Because the desired result is the total number of divisors for all the numbers in a range, there's no need to count divisors of individual numbers in the range; instead, count the number of times 1 is a divisor, 2 is a divisor, etc. This is an O(b) computation.

That is, add up `b-(a-1)`

, `b/2 - (a-1)/2`

, `b/3 - (a-1)/3`

, etc. .

In the python code shown below (which uses python operator // for integer division with truncation) divisors from 2 to about b/2 are counted using a `for`

loop. Note that divisors that are smaller than `b`

but larger than `max(a, b/2)`

occur once each and need not be counted in a loop. The code uses the expression `b-max(a,(b+1)//2+1)+1`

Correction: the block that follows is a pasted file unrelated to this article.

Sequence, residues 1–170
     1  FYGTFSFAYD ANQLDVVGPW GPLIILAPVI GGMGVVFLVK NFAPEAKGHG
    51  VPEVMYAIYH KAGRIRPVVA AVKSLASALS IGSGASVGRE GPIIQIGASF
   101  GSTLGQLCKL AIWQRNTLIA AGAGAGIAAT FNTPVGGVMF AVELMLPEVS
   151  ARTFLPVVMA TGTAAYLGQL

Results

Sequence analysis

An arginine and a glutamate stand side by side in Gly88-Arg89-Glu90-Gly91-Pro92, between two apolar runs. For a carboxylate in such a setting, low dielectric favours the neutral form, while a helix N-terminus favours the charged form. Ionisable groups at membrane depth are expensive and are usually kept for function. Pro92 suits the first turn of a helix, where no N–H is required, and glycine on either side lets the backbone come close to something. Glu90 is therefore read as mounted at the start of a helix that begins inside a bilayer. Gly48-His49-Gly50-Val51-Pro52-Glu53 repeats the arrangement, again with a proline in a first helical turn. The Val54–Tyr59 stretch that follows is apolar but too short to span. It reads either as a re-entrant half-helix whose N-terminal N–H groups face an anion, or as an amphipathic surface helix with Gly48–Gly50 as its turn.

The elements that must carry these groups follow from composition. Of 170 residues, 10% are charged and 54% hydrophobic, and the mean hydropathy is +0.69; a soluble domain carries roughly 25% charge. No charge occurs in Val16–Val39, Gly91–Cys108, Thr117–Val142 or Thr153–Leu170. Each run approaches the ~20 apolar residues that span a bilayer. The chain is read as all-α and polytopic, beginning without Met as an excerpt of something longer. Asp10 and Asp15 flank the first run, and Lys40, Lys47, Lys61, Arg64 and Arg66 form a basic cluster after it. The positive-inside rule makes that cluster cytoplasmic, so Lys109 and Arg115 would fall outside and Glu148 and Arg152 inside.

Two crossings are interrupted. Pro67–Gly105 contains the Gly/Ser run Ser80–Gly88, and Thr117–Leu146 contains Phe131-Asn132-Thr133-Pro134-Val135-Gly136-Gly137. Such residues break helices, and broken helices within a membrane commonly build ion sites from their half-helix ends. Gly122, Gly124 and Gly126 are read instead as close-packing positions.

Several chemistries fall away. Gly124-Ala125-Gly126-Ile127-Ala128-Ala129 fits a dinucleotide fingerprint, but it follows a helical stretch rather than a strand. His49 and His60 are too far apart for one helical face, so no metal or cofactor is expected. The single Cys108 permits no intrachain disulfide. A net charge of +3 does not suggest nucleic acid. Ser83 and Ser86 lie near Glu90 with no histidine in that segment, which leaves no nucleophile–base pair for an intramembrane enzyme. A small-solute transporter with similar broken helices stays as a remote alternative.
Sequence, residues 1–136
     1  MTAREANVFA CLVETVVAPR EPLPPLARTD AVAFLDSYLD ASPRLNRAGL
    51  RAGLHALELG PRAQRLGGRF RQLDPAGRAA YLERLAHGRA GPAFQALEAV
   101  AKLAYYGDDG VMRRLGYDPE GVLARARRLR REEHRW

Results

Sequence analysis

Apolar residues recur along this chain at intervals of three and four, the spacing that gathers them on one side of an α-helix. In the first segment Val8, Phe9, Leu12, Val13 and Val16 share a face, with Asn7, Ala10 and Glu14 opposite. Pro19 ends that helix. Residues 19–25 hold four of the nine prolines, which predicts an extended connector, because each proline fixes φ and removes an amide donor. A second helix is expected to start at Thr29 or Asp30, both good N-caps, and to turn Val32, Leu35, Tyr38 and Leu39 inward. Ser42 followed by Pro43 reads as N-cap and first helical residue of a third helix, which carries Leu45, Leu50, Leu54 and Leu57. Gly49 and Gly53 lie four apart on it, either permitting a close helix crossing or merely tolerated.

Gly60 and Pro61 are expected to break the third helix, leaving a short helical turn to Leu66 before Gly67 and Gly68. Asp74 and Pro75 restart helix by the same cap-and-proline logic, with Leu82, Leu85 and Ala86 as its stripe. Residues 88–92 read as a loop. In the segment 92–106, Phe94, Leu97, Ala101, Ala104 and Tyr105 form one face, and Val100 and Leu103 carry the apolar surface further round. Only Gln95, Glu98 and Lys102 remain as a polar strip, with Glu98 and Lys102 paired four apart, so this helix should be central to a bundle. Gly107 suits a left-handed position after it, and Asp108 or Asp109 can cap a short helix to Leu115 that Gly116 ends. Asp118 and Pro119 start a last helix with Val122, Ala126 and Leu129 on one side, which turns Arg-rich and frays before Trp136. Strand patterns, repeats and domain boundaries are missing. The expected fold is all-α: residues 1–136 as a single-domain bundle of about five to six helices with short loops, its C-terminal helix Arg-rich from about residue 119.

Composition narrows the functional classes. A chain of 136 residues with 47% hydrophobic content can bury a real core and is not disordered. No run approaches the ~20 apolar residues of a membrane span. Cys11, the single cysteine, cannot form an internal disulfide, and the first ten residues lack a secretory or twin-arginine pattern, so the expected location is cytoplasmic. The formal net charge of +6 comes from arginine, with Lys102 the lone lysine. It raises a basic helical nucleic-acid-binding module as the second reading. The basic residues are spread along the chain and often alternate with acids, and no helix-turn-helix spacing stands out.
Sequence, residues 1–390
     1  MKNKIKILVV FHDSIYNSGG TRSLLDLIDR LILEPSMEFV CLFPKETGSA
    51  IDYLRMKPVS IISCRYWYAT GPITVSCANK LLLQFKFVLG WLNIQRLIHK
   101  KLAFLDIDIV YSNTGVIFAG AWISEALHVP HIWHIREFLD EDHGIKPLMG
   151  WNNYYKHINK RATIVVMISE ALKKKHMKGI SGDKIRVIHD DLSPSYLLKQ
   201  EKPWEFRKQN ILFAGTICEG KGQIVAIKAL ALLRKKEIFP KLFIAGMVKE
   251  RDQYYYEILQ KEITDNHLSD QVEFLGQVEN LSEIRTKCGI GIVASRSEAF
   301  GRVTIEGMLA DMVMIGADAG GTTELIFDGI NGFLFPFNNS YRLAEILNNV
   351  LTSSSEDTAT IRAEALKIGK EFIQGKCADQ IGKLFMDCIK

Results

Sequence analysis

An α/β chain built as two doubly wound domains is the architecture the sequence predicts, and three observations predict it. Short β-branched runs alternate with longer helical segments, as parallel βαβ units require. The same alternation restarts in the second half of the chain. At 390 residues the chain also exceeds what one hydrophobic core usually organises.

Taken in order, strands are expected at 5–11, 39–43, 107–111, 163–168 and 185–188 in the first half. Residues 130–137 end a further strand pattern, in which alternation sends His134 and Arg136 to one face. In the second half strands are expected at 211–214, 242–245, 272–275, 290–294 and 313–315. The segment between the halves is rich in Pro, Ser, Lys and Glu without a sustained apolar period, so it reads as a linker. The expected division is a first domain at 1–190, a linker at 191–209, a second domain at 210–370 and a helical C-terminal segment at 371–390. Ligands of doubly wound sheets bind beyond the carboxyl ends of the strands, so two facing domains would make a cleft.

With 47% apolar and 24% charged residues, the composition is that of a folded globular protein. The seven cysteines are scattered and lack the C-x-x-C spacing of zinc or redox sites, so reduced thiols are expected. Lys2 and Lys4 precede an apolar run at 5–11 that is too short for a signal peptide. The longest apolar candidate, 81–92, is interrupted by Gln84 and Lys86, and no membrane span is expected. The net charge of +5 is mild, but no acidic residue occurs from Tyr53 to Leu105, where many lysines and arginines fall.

to count them. Output is shown after the program.

When `k`

different `a,b`

sets are to be treated, it is possible to compute all the answers in time O(k+`bₘₐₓ`

) where `bₘₐₓ`

is the largest value of `b`

.

Python code:

```
def countdivisors(a,b):
mid = (b+1)//2+1
count = b-a+1 +b-max(a,mid)+1 # Count for d=1 & d=n
for d in xrange(2,mid):
count += b//d - (a-1)//d
return count
# Test it:
a=7
for b in range(a,a+16):
print '{:3} {:3} : {:5}'.format(a, b, countdivisors(a,b))
```

Output:

```
7 7 : 2
7 8 : 6
7 9 : 9
7 10 : 13
7 11 : 15
7 12 : 21
7 13 : 23
7 14 : 27
7 15 : 31
7 16 : 36
7 17 : 38
7 18 : 44
7 19 : 46
7 20 : 52
7 21 : 56
7 22 : 60
```

`a`

and`b`

pairs or just one? – Dukeling Oct 15 '13 at 12:48